LAWRENCE — The University of Kansas remains one of the nation’s top academic institutions in terms of student engagement in study abroad activities, according to the latest Open Doors report released earlier this month by the Institute of International Education, in partnership with the U.S. Department of State’s Bureau of Educational & Cultural Affairs.
Among public doctoral institutions, KU now ranks 18th in the percentage of undergraduate students who participate in study abroad prior to graduation, with a 28.5 percent participation rate. Additionally, among all of the 1,412 reporting institutions, KU ranks 45th in the total number of students studying abroad. The rankings are based on participant data from the 2015-16 academic year, when 1,403 KU undergraduate and graduate students participated in credit-bearing international activities, including overseas study, internship/practicum, research and service programs.
Not included in the Open Doors data cited above are KU students who are not U.S. citizens as well as those who go abroad for noncredit activities, such as academic conferences, athletic competitions and performances. When credit and noncredit international activities are combined and international, degree-seeking students at KU are included in the data, a total of 1,568 KU students traveled internationally as part of their academic program.
Nationally 325,339 U.S. students received credit during the 2015-16 academic year for studying abroad, an increase of 3.8 percent from the prior year. Although the total number is at an all-time high, it is still the case that only approximately 10 percent of all U.S. undergraduate students (including community college students) will study abroad before they graduate. In contrast, more than 1 in 4 KU undergraduate students study abroad prior to graduation.
Angela Perryman, director of the Office of Study Abroad, said the new data is a strong indication that KU’s strategic efforts to expand access to study abroad are yielding results.
“The campus community is working collaboratively to ensure that all students, regardless of academic discipline, demographics or socioeconomic indicators, can incorporate an international academic experience into their KU degree. The academic departments are developing new international partnerships and short-term study abroad programs; the admissions and advising communities are speaking with students early and often about study abroad opportunities at KU; and alumni and external organizations are investing in scholarship support for international education – all to the benefit of our students and our community.”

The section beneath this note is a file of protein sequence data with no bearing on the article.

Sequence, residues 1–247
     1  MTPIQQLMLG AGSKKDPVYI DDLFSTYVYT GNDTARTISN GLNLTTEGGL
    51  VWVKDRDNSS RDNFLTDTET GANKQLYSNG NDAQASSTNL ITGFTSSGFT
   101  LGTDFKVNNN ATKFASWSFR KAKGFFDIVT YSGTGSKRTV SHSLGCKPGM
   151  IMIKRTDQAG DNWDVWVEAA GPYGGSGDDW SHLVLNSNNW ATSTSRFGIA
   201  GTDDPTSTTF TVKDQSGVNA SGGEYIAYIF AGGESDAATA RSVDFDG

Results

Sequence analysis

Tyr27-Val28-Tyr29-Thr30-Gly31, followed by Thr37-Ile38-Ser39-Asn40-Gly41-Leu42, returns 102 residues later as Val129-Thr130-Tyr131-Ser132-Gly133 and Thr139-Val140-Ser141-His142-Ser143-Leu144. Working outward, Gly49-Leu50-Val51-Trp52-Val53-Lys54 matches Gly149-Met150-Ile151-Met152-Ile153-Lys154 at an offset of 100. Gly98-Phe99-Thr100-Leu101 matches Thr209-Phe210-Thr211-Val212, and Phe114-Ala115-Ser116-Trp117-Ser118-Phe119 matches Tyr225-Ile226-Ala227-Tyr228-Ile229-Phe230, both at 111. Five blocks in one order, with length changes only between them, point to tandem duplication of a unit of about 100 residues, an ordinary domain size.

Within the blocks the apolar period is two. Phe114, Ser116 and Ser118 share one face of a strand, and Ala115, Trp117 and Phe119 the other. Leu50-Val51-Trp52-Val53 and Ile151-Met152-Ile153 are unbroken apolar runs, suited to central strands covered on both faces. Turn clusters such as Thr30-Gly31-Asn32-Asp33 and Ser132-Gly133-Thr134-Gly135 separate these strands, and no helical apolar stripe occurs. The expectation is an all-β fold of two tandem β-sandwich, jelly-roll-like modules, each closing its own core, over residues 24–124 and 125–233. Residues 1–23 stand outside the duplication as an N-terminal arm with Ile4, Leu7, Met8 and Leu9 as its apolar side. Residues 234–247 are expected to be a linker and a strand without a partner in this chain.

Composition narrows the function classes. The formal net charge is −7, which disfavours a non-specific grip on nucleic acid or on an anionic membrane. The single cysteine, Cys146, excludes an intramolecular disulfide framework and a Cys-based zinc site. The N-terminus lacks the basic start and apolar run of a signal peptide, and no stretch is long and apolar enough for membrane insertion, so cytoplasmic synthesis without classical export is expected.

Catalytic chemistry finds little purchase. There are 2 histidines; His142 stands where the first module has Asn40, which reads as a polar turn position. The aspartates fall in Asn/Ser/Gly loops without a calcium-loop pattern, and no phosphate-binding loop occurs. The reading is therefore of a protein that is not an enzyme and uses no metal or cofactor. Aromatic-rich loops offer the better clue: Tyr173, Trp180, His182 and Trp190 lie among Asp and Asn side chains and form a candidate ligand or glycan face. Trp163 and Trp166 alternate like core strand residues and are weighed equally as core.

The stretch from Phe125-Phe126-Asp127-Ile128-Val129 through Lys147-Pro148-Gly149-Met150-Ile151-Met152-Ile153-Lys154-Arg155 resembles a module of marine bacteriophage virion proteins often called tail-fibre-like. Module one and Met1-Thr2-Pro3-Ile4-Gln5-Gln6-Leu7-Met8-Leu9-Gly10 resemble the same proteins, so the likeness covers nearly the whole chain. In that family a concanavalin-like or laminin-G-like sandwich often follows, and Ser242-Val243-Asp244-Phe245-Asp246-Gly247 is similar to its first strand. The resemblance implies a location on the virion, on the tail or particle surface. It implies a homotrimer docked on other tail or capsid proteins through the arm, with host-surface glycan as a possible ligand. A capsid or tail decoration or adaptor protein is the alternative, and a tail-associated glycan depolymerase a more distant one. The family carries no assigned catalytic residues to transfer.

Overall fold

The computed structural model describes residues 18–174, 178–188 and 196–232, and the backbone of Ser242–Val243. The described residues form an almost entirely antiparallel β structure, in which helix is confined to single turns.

Study abroad provides students with the opportunity to take part in unique courses, research and internship experiences; aids in the development of intercultural communication competencies and foreign language fluency; encourages perspective taking, engaging with difference, and leading across cultures; and supports students in acquiring the soft skills needed to thrive in today’s workforce.
The Open Doors Report on International Educational Exchange is published annually by the Institute of International Education with support from the U.S. Department of State's Bureau of Educational and Cultural Affairs. The 2017 report data for U.S. students studying abroad reflect the 2015-16 academic year.
Photo: Gabriel O'Conner went to Suriname with a study abroad class in this 2016 photo. Credit: KU Marketing Communications.